On this day in history July 29, 1862: Acting in orders for her arrest ordered directly from the US Secretary of War Edwin Stanton, Confederate spy Marie Isabella “Belle” Boyd is arrested by Union troops and detained at the Old Capitol Prison in Washington, D.C. It was the first of three arrests for this skilled spy who provided crucial information to the Confederates during the war.
Time and again she would return to her spying activities for the Confederates even volunteering to run the Union blockade off the coast of North Carolina. She would be captured by Union sailors and in a twist of fate, she would instead of being jailed, she began a courtship with the officer who arrested her: Captain Samuel Hardinge (some sources list him as a Lieutenant and Ensign among other ranks).
She would make it to London with Captain Hardinge soon to follow. They would be wed in London. The union would be short lived as upon return to America, Hardinge would be jailed and brought up on charges of aiding and abetting the enemy. He died in prison. Boyd was widowed with a young daughter from her marriage with Hardinge and remained in England to write her memoirs: “Belle Boyd in Camp and Prison.”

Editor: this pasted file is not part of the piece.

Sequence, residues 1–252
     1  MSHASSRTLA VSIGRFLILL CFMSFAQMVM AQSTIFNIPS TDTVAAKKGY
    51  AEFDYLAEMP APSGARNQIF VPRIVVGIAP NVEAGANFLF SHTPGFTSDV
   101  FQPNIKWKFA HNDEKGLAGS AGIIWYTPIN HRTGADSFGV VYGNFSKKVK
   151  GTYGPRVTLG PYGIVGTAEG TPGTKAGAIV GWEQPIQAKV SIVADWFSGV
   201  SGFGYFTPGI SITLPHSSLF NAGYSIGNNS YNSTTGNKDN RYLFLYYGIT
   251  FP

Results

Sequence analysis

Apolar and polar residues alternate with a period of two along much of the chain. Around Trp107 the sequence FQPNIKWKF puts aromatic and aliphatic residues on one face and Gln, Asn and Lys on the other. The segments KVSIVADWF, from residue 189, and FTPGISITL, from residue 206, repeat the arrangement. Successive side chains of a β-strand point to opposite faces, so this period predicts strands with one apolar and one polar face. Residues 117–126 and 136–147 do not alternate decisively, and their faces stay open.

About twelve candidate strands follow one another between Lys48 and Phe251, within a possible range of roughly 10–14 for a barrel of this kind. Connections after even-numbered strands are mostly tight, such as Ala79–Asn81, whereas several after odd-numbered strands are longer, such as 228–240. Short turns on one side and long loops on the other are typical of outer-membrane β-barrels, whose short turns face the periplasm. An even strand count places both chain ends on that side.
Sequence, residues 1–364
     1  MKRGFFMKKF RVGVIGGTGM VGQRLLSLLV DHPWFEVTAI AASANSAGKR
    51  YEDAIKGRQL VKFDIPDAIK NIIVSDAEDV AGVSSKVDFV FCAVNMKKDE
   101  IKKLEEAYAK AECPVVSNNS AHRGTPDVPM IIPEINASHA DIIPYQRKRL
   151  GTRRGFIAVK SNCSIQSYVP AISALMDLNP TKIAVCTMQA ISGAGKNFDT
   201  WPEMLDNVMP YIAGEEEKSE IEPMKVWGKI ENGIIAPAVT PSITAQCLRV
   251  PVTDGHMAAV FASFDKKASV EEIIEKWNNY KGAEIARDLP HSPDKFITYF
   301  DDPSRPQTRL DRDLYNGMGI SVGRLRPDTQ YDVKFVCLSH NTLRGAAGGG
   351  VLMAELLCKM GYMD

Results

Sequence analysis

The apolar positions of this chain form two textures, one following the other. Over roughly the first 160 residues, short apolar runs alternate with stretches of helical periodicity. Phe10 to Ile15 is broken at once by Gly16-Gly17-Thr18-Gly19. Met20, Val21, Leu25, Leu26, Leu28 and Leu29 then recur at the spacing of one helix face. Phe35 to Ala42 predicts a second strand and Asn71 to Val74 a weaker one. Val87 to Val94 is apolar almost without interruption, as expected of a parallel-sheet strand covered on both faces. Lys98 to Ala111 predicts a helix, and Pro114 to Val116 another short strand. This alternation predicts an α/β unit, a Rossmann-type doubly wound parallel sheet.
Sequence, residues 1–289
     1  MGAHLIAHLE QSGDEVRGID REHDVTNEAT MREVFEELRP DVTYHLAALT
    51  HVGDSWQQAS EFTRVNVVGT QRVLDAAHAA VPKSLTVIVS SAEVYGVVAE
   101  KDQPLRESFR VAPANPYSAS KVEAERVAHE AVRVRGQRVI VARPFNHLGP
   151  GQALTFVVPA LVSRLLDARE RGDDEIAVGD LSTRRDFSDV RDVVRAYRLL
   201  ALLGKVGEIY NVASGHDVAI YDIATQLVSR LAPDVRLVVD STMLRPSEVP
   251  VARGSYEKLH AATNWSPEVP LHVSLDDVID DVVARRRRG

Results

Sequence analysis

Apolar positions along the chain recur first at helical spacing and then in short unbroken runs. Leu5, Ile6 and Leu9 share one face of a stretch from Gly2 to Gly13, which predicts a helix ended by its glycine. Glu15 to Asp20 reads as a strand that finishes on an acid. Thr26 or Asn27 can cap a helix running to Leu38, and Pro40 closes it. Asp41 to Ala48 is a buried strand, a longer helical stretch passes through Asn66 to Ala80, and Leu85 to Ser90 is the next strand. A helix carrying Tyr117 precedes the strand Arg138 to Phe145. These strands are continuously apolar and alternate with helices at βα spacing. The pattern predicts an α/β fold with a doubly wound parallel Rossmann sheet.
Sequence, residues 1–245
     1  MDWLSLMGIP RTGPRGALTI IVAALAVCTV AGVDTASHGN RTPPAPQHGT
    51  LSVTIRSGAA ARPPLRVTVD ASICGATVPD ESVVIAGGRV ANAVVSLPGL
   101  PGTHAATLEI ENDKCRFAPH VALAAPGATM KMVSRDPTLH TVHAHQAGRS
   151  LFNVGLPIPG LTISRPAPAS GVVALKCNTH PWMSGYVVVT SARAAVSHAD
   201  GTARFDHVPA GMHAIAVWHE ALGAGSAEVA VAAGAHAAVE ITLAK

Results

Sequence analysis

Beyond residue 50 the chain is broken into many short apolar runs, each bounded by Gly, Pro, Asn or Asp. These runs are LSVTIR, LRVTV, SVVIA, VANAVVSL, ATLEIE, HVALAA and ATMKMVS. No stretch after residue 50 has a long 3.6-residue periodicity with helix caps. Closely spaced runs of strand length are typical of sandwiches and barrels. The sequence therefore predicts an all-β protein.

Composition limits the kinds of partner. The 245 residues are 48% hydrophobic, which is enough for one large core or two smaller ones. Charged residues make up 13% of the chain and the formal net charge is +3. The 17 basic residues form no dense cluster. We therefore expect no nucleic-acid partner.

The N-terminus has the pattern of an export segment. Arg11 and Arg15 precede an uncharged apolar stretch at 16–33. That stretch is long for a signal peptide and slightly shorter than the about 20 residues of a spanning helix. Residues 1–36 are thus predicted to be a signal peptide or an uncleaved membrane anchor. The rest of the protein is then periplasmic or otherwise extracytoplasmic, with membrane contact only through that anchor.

After the war she parlayed her fame (or infamy depending on your point of view) into an acting career. In the late 1880’s she toured the south, describing her exploits as a Confederate spy in a stage show entitled "The Perils of a Spy" and herself as "Cleopatra of the Secession.".
She died in Wisconsin in 1900.
Click the following link for The digital version of her memoirs courtesy of Documenting the American South